Review: Miss Hope Springs, Wilton’s Music Hall

The sequin-clad cabaret sensation and ‘recovering showgirl’ was in her element, says Stephen Emms

Beautifully delivered, paced, and hilarious: Hope Springs Photo: PR
Miss Hope Springs, resplendent on stage in glittering sequins, is the creation of composer, lyricist and comic actor Ty Jeffries.

In this 90-minute show at iconic Victorian venue Wilton’s Music Hall, its loose narrative arc pretty much encompasses life: big hopes, “loveless marriages”, career wrong turnings and broken dreams. Quickly we learn about Hope’s (naturally fictitious) backstory, her anecdotes punctuated every few minutes by a suitably rousing number.

And, from start to finish, it’s a Brexit-busting blast, from tales about lost songs written by Noel Coward to an #awks romance with Liberace (or “Lee”, as Hope calls him: “he’s brilliant on the piano but he sucks on the organ”); not to mention about her old pal Goldie Hawn: “Why can’t people just look natural?”

The running jokes are always hilarious: that she’s “nearly 40,” that her husband Irving has run off with a blonde (Carlos); and that the three of them now share a camper van (“When Irving said he was getting a little camper I didn’t think that was possible”).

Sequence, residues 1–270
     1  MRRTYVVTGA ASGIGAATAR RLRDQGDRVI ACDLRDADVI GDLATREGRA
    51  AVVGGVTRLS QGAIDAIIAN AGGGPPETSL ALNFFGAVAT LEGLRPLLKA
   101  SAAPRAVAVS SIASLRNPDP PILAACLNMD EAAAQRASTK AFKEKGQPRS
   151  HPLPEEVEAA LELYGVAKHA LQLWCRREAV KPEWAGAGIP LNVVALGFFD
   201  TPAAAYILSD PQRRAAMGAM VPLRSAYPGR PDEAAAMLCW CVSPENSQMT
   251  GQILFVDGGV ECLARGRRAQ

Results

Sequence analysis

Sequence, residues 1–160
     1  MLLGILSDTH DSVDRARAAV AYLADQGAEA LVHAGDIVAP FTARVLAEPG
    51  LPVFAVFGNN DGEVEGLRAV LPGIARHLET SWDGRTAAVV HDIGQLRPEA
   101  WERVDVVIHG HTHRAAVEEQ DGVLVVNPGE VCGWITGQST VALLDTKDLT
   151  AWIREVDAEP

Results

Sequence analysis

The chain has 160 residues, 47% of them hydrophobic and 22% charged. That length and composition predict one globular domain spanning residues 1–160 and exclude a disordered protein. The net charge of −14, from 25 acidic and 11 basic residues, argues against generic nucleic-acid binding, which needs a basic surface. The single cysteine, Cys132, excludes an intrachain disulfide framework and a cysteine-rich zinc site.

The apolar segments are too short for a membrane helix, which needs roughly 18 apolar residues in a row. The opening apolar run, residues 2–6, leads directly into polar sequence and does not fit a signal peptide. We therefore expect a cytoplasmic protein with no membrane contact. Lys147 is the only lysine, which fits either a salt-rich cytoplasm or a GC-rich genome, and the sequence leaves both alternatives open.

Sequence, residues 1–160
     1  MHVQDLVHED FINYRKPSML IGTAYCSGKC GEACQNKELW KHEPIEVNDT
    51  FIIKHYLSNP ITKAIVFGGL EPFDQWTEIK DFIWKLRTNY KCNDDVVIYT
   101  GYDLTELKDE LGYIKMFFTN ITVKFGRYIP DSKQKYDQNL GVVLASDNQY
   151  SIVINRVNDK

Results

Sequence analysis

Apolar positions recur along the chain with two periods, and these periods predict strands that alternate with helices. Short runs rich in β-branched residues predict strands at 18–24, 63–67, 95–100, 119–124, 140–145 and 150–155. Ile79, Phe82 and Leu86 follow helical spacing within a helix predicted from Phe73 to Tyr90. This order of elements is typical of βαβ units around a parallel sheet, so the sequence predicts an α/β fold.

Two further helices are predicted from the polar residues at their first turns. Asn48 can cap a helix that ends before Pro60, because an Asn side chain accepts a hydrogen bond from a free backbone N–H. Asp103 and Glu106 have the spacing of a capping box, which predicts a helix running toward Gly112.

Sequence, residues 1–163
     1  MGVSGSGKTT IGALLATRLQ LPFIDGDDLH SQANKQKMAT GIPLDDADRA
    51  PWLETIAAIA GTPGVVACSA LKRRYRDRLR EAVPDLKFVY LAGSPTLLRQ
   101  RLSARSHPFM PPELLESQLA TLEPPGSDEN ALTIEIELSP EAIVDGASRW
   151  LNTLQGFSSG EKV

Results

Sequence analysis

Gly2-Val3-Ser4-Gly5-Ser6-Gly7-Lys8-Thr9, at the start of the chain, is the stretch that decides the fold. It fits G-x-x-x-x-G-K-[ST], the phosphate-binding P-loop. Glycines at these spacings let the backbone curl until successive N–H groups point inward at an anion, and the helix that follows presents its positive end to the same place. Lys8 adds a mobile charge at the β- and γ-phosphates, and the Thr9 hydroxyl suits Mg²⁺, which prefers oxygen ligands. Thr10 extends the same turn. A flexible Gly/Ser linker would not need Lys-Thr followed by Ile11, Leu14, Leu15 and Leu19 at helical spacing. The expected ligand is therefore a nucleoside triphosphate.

A young Hope with, um, Barry Manilow. Photo: HS
And yet it’s in the entirely self-penned songs that Jeffries’ remarkable talent shines so effortlessly. By turns careful pastiches of Coward, Minnelli, Bacharach, Manilow and Marlene Dietrich, they’re beautifully delivered, paced and performed pin-sharp at the piano.

Highlights are frequent: Pigalle – a key track for fans – is stuffed with good lines (“Come for cocaine and a quarrel”); Music To My Life is a genuine heartfelt moment (“You wrote the lyric to the music to my life”); and the excellently-titled Please Don’t Dessert Us At Dessert is the classic written by Coward for Hope when she was a showgirl “in the early sixt…seventies.”

By the time she’s belting out Trog – with rhymes like “he goes round clinging boulders in the fog” – the already rapt audience is in hysterics. And the finale, Hope’s theme song The Devil Made Me Do It, is so goddamn catchy I was still humming it making toast this morning.

Telly motormouth Jonathan Ross has, in fact, summed her up pretty astutely in the blurb: “The greatest star that never was singing the greatest hits that never were”.

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Miss Hope Springs plays Wilton Music Hall tonight (730pm) and then The Stables Milton Keynes on 14th July, with Brighton’s Komedia on 21st and 22nd July. More info and tickets here.

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